BOSTON — For a lawn that helps the environment — and doesn’t need to be mowed — look to the ocean. Meadows of underwater seagrass plants might lower levels of harmful bacteria in nearby ocean waters, researchers reported February 16 during a news conference at the annual meeting of the American Association for the Advancement of Science. That could make the whole ecosystem — from corals to fish to humans — healthier.
Not truly a grass, seagrasses are flowering plants with long, narrow leaves. They grow in shallow ocean water, spreading into vast underwater lawns. Seagrasses are “a marine powerhouse, almost equal to the rainforest. They’re one of the largest stores of carbon in the ocean,” says study coauthor Joleah Lamb, an ecologist at Cornell University. “But they don’t get a lot of attention.”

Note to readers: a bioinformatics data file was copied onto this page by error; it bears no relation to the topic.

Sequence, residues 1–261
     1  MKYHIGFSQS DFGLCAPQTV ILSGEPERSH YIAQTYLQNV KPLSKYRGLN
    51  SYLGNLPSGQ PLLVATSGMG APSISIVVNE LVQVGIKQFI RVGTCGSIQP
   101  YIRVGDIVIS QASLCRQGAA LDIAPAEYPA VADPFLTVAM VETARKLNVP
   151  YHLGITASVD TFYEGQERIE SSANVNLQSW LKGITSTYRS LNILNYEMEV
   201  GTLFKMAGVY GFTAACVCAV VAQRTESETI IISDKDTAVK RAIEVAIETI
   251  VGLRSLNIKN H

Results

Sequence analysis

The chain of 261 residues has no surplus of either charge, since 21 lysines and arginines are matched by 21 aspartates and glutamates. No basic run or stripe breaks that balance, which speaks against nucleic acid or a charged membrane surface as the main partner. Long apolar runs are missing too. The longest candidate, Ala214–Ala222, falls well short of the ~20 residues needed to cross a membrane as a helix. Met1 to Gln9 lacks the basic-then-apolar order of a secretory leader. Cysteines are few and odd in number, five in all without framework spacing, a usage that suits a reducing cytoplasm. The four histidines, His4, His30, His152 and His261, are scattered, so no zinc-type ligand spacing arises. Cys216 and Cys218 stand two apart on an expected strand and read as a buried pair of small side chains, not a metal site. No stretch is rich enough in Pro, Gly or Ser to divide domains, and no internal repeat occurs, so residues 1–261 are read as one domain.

It’s no secret that seagrasses improve water quality, says James Fourqurean, a biologist at Florida International University in Miami who wasn’t involved in the research, which appears in the Feb. 17 Science. The plants are great at removing excess nitrogen and phosphorus from coastal waters. But now, it seems, they might take away harmful bacteria, too.
A few years ago, Lamb’s colleagues became ill with amoebic dysentery while studying coral reefs in Indonesia, an archipelagic nation that straddles the Indian and Pacific oceans. When a city or village on one of the country’s thousands of islands dumps raw sewage…
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